I've almost always bought my comics from small local dealers.   When we lived in the UK, I either bought my comics from the "Stars and Stripes", which were the bookstores on US bases that imported books, magazines and comics, or I went into London proper and visited Forbidden Planet, where I would buy my comics and fill in back issues.  When we moved back the the US, I switched to using comic shops in the US.  When I went to college, I actually took about three years off from collecting, and about my senior year of college, started back up again, and to this day, I have the same comic book shop that I use, ordering from "The Comic Cubicle" in Williamsburg, where my books get shipped up on a monthly basis.

Most of my friends that I know that read comic books also still go to comic book shops to buy comics.  (It does make you wonder how kids today would get into comics at all, but I stopped into a Toys R Us today, and discovered a section of well placed comic books right in the middle of the action figures, so I guess that's how you'd buy them now).    For most, at some point if you start trying to collect comic books on a regular basis, you'll find a comic shop.

This is important as I think about digital comics.   I will say, I love the idea of digital comics.  I love the idea of having copies of anything that I read available on my iPad when I want it.    Like most, I've switched to this for music a while ago, with all my music long having been digitized, and thus available all over my house and on all my devices.   I've started switching all my media purchases to the same model, forgoing Blu-Ray in favor of HD downloads, wanting to have my media available in all the ways I might consume it.  In response, I've seen the new "Combo Packs" come out, where Blu-Ray, DVD, and digital download are bundled together.  Perfect.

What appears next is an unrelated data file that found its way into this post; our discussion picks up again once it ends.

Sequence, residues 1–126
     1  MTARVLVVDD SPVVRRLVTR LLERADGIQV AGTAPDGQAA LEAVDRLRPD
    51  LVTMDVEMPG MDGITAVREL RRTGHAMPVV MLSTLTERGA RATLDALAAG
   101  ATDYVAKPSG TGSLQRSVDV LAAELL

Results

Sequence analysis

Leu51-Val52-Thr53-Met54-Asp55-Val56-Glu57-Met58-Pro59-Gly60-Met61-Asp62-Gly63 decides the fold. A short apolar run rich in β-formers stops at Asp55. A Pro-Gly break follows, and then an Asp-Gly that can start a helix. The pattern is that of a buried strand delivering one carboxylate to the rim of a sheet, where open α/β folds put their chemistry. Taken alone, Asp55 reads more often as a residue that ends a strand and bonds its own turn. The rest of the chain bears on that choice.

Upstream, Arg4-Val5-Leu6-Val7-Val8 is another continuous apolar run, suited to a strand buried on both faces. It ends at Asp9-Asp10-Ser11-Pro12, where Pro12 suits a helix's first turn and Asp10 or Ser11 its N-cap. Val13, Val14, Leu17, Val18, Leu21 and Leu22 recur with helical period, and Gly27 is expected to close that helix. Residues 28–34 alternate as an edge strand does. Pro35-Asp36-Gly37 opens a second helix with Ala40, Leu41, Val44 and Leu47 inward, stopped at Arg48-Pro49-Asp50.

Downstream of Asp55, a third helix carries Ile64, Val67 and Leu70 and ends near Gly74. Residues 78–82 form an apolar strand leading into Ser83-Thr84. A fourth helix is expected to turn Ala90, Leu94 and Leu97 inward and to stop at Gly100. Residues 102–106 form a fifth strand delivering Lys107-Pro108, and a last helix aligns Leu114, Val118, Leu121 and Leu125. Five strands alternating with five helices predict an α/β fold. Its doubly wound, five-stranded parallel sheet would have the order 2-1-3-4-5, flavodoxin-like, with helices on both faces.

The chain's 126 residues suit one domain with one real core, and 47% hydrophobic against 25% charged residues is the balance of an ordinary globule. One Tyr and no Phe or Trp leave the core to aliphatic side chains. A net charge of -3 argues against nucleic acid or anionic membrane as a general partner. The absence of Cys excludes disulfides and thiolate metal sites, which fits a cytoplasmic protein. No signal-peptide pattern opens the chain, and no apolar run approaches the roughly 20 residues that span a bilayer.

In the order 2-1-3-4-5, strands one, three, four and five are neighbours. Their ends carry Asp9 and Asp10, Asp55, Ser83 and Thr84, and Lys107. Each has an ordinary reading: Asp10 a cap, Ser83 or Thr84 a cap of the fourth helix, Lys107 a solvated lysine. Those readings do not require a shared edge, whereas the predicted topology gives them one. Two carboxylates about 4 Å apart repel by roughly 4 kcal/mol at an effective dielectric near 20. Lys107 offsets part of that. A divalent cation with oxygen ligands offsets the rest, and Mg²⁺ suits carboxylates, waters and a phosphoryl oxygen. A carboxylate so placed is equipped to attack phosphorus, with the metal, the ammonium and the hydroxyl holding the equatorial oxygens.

Even my books are moving this way.  I'm very pleased at Amazon's recent announcements of Kindle Matchbook, where Amazon is going to make available books I've previously purchased either for free or for a small fee.   This is ideal -- I don't like rebuying things, and so it's fantastic that I don't have to.

And thus, we get brought to comics.    Comics are in desperate need of a solution here.    Marvel has tried to offer codes in each comic, where you can peel back a sticker and enter a code and download the issue.   This has two flaws -- first, I don't want to have to sit and enter a code for each of a stack of comics, and second, it's not all publishers, so this would help with my Marvel books, but not my DC, Dynamite, or independent publishers.

Borrowing a bit from my own industry, that makes me think about distribution.   Amazon and iTunes both have latched onto being a distributor.   In IT, we have the same model, and many cloud services are being delivered the same way.   So it seems, in a world where comic dealers are looking for ways to be more "relevant", it seems like using the dealers as a way to sell me this service would be rather simple.

I have a "subscription box" at my dealer now.   He knows what I purchase, and tracks it for me.  It could easily be part of the service for  comic dealers to add the digital portion to (for example) my Comixology account, and make those issues I purchase available for me. I'd even pay for this -- it could be a per issue charge, or it could be a "subscription" service on a monthly basis.